At first the parting seemed amicable, as far as humans are amicable anyway. But then, suddenly, she hissed at him and wouldn’t speak to anyone. Her tail got all big and her cheeks pouched up. You'd think there was a dog in the room. Haven’t seen her since. She sent another cat over the next day with her keys.
     That was tough, because she had arranged to have “Vagina Monologues” performed Saturday and Sunday. Come Saturday Night, Al and I were worn out. But we had to “cover” the Theatre, because Mo just isn’t comin’ back. Confusing. She also had another gig planned for tonight. We didn’t know about that. Truth is she isn’t a Great Communicator, and Al and I never know when we have to be on tap. But then she cancelled that performance, a punk rock show put on by WUAG, for which they paid $200. I bet they weren’t happy having that canceled less than a week before the event. Phew. Never a dull moment.
     Well, it’s none of my business. Al has to deal with that. I have enough to do. But my feelings are  hurt. I thought Mo liked me. She was pretty good with cats and dogs, as far as humans go. I mean you all are just plain dumb when it comes to knowing how to treat anyone, even yourselves. That’s why I’m writing this here journal.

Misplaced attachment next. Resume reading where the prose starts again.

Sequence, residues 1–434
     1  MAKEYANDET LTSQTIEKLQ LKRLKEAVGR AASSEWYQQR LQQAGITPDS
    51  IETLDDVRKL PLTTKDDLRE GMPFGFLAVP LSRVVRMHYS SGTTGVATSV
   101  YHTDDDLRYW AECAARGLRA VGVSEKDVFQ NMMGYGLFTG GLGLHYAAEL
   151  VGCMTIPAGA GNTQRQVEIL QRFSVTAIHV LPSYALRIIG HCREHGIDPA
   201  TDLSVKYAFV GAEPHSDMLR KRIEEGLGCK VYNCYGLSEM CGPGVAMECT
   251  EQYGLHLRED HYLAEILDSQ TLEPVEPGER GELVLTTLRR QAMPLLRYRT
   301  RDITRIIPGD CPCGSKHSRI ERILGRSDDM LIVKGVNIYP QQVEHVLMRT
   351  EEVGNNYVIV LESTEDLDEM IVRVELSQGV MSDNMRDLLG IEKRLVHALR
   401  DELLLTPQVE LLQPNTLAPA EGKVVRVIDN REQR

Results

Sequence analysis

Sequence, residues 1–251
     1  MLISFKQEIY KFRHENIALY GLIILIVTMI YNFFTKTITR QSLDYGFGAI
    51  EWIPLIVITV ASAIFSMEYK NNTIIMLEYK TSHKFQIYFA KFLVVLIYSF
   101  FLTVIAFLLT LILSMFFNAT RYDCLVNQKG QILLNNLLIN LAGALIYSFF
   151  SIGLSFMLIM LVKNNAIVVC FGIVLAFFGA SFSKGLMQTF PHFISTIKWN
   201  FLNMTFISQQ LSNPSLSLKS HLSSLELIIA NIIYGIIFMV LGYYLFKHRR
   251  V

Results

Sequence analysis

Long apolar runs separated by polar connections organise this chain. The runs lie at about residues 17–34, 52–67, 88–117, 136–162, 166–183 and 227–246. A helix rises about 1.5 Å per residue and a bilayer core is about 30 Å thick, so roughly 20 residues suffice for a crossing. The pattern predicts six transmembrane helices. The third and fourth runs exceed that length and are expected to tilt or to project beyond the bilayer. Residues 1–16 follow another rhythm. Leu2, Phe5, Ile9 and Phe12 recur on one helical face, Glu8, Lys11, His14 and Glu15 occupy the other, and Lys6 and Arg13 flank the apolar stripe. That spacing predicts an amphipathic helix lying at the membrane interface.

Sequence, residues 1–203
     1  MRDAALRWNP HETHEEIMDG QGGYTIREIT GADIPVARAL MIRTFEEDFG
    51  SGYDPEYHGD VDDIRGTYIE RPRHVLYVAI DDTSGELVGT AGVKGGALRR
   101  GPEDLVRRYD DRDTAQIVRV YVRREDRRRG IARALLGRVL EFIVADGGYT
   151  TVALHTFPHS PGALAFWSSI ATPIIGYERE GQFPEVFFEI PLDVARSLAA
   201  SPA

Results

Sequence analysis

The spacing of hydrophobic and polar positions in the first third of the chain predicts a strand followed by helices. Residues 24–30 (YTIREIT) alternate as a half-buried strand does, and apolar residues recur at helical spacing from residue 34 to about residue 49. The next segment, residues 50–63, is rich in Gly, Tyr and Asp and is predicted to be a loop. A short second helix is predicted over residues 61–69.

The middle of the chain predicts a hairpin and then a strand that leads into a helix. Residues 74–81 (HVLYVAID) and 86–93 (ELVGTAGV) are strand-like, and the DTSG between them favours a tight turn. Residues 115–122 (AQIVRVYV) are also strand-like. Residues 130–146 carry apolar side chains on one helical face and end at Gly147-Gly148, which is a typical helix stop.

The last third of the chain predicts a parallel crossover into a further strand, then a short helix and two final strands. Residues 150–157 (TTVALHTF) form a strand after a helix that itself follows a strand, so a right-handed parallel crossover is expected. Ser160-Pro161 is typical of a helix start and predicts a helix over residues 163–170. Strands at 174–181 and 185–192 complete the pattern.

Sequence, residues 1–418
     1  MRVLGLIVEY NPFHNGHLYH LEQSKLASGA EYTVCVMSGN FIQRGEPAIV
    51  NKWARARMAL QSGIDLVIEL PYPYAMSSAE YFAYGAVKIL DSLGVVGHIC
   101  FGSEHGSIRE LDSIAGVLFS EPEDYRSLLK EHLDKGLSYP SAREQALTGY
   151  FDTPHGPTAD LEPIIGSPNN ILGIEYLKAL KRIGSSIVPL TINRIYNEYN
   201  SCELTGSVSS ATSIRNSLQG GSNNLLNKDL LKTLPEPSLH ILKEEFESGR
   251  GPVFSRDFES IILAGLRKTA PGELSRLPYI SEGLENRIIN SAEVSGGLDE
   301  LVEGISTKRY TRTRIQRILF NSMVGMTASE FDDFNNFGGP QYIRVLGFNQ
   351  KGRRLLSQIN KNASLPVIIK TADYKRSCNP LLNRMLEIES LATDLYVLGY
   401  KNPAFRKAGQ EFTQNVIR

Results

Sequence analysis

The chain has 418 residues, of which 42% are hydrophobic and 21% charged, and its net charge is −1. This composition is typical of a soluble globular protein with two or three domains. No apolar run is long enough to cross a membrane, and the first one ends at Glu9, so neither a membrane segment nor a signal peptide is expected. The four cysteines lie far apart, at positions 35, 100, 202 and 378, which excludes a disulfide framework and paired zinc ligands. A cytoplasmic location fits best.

Mo was pretty nice to clip my nails from time to time, if she remembered. They’re really sharp right now. She’s also forgotten to give me my flea medicine, and it’s getting’  hairy I can tell you!
     At least Al never forgets my kibbles and water. Not once. And he’s fanatical about keeping my pan emptied, fresh, and clean. Thank God for small favors. Phew.
     Ever since “Vagina Monologues” is over and Mo is gone, it’s real peaceful around here. I have my daily chores, same as before. So the only impact on me is probably going to be less work.  Mo kept the place pretty lively, I can tell you. Although she was always locking me up in my room. I guess now I know why. She really thought my living here is a deficit. Golly! I thought a lot of these people, especially the children, actually came to visit me.
     I’m beginning to see why Al is mopin’ around the last few days. What a bummer. Turns out we’re the reason Mo failed.
     But, you know what? I don’t see that we’ve failed at all. I mean, how do you measure success. Just by money? From that perspective, yes, the bookshop don’t pay for itself, can’t afford Mo and Juan, or any worker.  We just don’t sell enough books, never will. For sure, Al and I have never gotten a dime. Those cats at AMAZON have it all wrapped up and tied with a pink ribbon. No loyalty around here for a local business.  Can’t tell you how many of our friends have bragged to us they got this and that at, how they downloaded this and that on to their Kindle. Thanks a big bunch! Bookshops dyin’ like flies all over the place, not just us.